Vaccination Safety Tips

As a holistic veterinarian, many of my patients (horses, dogs, cats) come to me because their caregivers want my help with vaccination plans. Vaccination plans need to be individualized based on environment, medical issues and past response to vaccination.
Environmental issues include: 
exposure to ticks, mosquitoes and other disease carrying insects
weather conditions (summer vs. winter)
travel plans or exposure to other animals who travel (e.g. shows, events, or dog parks vs animals that don’t go anywhere)
Medical issues:
veterinary vaccines are labelled for use in healthy animals only. This means we cannot vaccinate animals who are acutely ill. Special considerations need to be made for animals with chronic illnesses such as Cushings disease, Lyme disease, diabetes, asthma, COPD, skin conditions, cancer, etcetera.
Past response to vaccination—3 categories
1) Individuals that have had vaccine reactions (swelling, stiffness, lethargy, mild colic, low-grade fever) or other immune system problems: It is especially important for these patients to have minimal vaccines while still maintaining protection against fatal diseases. Rabies vaccine is legally required for dogs and cats. 
2) Individuals that have had life-threatening vaccine reactions (trouble breathing, wheezing, abnormal coughing, vomiting, diarrhea, seizures, hives, delayed reaction autoimmune issues, collapse) or severe immune system problems: These few individuals should not be vaccinated at all with the vaccine that caused the reaction.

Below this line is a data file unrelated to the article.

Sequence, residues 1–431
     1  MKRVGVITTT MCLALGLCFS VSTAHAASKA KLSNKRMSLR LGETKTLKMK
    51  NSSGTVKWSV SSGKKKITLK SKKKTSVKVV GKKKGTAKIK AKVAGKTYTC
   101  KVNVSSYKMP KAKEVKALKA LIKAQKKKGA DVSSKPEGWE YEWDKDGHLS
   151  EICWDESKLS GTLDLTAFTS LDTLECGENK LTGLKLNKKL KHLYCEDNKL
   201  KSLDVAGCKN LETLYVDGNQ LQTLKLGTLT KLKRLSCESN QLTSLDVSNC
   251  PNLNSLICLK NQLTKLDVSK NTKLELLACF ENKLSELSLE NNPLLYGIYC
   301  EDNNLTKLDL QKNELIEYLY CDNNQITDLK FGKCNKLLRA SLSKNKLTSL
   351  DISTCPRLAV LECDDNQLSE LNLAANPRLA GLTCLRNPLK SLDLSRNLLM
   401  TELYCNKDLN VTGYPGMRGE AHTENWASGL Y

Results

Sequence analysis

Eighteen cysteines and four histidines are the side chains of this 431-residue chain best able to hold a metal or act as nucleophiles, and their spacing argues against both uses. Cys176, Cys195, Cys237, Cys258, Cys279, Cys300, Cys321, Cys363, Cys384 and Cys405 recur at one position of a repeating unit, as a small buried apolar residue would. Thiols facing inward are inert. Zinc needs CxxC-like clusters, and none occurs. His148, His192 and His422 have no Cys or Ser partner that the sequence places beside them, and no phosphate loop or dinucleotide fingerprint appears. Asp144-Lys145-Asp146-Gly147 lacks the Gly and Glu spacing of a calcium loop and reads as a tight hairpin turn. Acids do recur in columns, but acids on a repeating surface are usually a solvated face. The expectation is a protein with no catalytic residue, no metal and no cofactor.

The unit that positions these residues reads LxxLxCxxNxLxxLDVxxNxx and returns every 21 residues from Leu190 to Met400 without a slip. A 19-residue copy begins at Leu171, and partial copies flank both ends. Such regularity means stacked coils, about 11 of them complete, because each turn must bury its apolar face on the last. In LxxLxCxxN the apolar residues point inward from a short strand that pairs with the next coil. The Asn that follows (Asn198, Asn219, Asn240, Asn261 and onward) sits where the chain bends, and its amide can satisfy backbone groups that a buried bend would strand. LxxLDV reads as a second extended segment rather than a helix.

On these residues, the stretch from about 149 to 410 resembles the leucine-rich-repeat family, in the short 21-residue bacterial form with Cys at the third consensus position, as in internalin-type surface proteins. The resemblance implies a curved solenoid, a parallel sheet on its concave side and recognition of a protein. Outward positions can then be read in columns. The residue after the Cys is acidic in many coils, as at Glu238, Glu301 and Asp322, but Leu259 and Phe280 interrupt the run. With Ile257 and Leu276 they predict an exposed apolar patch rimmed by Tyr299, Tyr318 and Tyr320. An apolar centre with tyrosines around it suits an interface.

3) Individuals that have never had a problem with vaccines: Considerations can be made to prevent them from developing problems.
Basic recommendations for anyone getting vaccines:
Make sure animal is not acutely ill. Postpone vaccines if animal is lethargic, has respiratory symptoms (nasal discharge/cough), loose manure/stool, etcetera.
Postpone vaccinations when female animal is in heat. Pregnant animals and babies require special vaccine protocols. 
Separate vaccines from each other as much as possible. It is best to not give them all at one time. Giving them all together is overstimulating for the immune system. This makes reactions more likely, and if a reaction occurs, we won’t know which vaccine caused the reaction. Separate administration of vaccines by at least 2 weeks. 
I recommend having a veterinarian administer the vaccines. They can make individualized recommendation and will be available to help if your horse has a reaction. If you are administering the vaccines yourself, I recommend buying the vaccine from a veterinarian. Our distributors know how to ship and store vaccines properly, and so do we. I would not count on an employee of a big box store to realize that there is a problem if they are unpacking a box of vaccine from shipping and it is warm or frozen….
Consider doing vaccine titers to check status of immunity rather than just vaccinating for everything every year. This allows us to minimize the number of vaccines given while making sure the animal has needed protection. This is really a must for animals that have had a reaction or have chronic illness. This is also beneficial for healthy animals to prevent future vaccine reactions, hyperactive immune system problems and autoimmune issues.